Being a location that many people move to, when creating a Last Will & Testament in North Carolina can leave many people wondering who will help to settle their estate when they’re gone. The reason being: often people won’t have local family members in North Carolina. So, a question I encounter quite often is: “Can I Appoint an Out-of-State Executor in North Carolina?” Of course you can, but there are some differences between in-state and out-of-state executors.
First of all, the probate process (settling someone’s estate) is governed by the Clerk of Court in the county where you lived when you pass. However, the Clerk only has jurisdiction over people and property in the State of North Carolina. How can a North Carolina Clerk of Court make sure that an out-of-state executor is doing his or her job in settling your estate? Through legal process and summons. But in order to for those avenues to be enforceable, the out-of-state executor must appoint a person in North Carolina to accept notices and legal process. That person or entity is called a “Registered Process Agent.” When you have an out-of-state executor, they must appoint an RPA in order to serve. That’s generally not a big deal, however, because many law firms who handle probate cases will serve as the RPA for out-of-state executors.
Depending on the wording of your will and the preference of the Clerk in your county, your out-of-state executor may also be required to obtain a surety bond for the value of your probate estate. The bond essentially protects the beneficiaries of the estate from an out-of-state executor absconding with estate funds and leaving them high and dry. Not all clerks require this anymore, and most wills have a “No Bond” provision. So, it may not be as big of a hurdle as it could be. If the bond is required, it has to be worth 120% of the estate value and it has to be renewed each year that the estate is open, unfortunately.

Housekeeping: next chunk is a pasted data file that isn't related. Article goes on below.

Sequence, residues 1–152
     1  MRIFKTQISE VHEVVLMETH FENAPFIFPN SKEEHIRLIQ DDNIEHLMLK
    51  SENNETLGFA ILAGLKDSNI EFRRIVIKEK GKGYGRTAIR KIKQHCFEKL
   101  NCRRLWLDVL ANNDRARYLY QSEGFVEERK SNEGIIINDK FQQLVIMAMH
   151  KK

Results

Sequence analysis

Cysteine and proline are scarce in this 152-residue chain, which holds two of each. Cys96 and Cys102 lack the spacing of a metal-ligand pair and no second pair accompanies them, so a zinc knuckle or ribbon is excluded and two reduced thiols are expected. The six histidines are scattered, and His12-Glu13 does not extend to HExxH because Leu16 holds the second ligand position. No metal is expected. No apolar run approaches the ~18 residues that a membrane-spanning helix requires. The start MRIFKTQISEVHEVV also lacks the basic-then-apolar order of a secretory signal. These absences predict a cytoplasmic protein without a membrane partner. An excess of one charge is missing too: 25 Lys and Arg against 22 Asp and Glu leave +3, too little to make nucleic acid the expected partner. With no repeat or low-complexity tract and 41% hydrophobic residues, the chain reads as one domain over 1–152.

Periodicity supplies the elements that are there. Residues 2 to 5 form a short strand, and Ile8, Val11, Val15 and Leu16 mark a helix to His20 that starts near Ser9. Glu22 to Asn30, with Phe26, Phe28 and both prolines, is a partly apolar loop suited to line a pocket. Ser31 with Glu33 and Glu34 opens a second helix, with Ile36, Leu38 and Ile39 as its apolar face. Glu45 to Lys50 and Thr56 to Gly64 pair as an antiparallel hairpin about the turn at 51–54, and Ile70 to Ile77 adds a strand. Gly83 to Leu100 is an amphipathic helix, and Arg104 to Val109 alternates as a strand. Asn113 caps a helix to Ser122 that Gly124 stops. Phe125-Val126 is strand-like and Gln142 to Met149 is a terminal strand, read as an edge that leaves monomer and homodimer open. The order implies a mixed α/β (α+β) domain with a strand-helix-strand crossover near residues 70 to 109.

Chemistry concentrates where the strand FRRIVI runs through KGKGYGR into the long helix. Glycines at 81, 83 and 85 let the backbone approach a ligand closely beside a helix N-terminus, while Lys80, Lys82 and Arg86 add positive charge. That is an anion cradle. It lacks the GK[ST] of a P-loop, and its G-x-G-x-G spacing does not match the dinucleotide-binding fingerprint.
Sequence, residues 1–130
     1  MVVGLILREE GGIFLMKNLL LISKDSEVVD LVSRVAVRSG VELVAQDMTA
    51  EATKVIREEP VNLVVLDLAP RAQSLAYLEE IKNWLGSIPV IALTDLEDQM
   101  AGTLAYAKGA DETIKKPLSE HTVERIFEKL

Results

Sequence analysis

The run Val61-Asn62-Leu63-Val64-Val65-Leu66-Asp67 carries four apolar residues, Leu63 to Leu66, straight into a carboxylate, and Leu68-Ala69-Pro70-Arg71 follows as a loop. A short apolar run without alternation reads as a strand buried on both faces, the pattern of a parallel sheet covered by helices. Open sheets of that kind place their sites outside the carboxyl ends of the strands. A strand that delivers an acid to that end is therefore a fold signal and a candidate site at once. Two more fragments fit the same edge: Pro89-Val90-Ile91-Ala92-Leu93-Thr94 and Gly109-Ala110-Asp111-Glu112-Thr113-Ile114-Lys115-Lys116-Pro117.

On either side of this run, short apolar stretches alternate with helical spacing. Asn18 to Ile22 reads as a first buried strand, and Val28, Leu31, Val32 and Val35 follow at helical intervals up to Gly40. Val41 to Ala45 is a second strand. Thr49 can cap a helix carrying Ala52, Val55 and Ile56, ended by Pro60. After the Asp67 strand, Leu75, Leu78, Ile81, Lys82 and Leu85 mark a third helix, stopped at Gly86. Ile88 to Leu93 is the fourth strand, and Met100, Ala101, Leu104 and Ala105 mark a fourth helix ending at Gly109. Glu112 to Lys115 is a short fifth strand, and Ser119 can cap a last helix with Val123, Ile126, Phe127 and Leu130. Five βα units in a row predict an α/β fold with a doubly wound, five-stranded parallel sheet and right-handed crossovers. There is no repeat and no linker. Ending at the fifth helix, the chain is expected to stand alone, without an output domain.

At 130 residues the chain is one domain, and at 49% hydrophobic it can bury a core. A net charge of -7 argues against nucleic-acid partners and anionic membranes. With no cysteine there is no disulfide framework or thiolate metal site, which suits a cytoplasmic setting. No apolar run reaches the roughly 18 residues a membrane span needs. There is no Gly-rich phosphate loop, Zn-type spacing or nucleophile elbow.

The biggest issue with appointing an out-of-state executor is that the executor has to deal with the reality of coordinating a North Carolina estate from somewhere else. Logistically that can be very difficult. The executor will most likely need to hire a local probate lawyer in order to help with the pleadings, and will likely have to make several trips to North Carolina to deal with personal and bank property.
Even though there are some downsides to appointing an out-of-state executor, if that is your only option than you’re still better off appointing someone than appointing no one.